Ok so we’ve all done it,…we’ve called in sick. But there has to be some level of a decent reason…don’t you think? Well apparently NOT as these reasons for calling in sick come right out of a survey from careerbuilder.com and the bottom line is that calling in sick isn’t really what we’re doing at all…
CareerBuilder says 38 percent of those surveyed admit they’ve faked being sick, compared with 28 percent last year. Let’s take a look at the reason shall we?
- Employee claimed his grandmother poisoned him with ham.
- Employee was stuck under the bed.
- Employee broke his arm reaching to grab a falling sandwich.
- Employee said the universe was telling him to take a day off.
- Employee’s wife found out he was cheating. He had to spend the day retrieving his belongings from the dumpster.
- Employee poked herself in the eye while combing her hair.
- Employee said his wife put all his underwear in the washer.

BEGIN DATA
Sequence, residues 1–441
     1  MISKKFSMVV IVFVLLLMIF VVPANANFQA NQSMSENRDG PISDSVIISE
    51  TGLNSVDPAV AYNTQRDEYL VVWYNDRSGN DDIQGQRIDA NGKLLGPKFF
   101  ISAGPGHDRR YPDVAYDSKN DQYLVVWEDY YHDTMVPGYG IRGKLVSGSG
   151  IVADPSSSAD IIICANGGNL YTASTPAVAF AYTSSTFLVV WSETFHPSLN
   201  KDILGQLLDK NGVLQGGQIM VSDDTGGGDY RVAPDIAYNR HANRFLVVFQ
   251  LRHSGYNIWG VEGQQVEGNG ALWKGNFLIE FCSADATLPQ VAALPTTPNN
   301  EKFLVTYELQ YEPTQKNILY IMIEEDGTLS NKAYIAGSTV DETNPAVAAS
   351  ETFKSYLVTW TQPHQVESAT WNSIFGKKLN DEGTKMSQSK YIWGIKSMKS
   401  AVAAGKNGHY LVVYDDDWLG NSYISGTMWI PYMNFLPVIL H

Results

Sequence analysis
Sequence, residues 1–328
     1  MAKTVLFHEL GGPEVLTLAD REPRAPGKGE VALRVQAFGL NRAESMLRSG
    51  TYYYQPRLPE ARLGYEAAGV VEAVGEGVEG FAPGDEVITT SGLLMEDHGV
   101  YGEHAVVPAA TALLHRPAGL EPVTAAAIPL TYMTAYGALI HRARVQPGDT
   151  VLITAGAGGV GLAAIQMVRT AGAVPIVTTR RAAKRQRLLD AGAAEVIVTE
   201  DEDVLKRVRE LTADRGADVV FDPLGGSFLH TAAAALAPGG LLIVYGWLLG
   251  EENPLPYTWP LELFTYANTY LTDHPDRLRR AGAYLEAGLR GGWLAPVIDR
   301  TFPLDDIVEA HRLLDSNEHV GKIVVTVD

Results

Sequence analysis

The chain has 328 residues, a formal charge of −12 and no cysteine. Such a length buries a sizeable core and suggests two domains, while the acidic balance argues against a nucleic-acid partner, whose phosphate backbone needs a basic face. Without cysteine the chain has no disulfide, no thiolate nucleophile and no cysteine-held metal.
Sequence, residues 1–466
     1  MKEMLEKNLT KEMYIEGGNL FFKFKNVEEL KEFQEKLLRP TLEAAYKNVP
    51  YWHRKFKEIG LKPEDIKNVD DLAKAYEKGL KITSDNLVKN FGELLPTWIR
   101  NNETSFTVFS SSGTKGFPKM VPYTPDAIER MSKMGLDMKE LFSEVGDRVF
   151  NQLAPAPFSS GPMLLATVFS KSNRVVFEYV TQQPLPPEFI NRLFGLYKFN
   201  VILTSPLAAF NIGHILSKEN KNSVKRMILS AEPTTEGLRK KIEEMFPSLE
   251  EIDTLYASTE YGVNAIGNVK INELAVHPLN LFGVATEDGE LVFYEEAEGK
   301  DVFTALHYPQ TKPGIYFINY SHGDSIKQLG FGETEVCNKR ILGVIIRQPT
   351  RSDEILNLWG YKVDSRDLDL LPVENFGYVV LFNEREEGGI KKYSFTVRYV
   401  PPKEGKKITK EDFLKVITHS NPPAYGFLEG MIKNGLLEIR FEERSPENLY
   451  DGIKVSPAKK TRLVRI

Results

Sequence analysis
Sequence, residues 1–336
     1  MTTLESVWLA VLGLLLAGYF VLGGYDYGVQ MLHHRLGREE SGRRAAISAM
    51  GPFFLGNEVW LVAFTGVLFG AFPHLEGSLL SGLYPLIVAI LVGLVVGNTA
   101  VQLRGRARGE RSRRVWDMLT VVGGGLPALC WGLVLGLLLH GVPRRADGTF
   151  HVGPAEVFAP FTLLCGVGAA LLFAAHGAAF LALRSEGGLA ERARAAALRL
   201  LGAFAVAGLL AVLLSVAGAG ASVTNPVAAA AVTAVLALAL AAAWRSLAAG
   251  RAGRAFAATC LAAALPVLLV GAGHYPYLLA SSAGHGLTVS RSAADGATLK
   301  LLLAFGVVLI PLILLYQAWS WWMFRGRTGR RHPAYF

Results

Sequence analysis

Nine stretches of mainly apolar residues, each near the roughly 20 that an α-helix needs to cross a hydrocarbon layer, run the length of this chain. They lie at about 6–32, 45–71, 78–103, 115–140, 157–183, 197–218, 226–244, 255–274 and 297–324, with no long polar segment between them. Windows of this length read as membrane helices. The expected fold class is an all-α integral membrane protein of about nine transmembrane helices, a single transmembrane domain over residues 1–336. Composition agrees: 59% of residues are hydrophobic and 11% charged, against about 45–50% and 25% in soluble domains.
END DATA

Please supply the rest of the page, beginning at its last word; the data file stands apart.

- Employee said the meal he cooked for a department potluck didn’t turn out well.
- Employee was going to the beach because the doctor said she needed more vitamin D.
- Employee said her cat was stuck inside the dashboard of her car.
Sometimes the Weather Can Affect the “sick vibe”
The most popular months for employees to call in sick are:
- December – 20% of those surveyed
- January – 15 percent of those surveyed
- February – 14 percent of those surveyed
Calling their Bluff
Thirty three percent (33%) of employers have checked to see if an employee was telling the truth after calling in sick. This is up compared to 31 percent (31%) last year.
Here’s how the employers check out the story:
- Ask to see a doctor’s note (67%)
- Calling the employee (49 %)
- Checking the employee’s social media posts (32 %)
Does Calling in Sick Have Repercussions?
- More than 1 in 5 employers (22 %) fired an employee for calling in sick with a fake excuse, an increase from last year (18 %).
- Employers are going online. Thirty-three percent (33%) of all employers have caught an employee lying about being sick by checking their social media accounts, and of those, 26 percent (26%) have fired the employee.
What do you think? Should employers act when the sick reasons don’t really add up?
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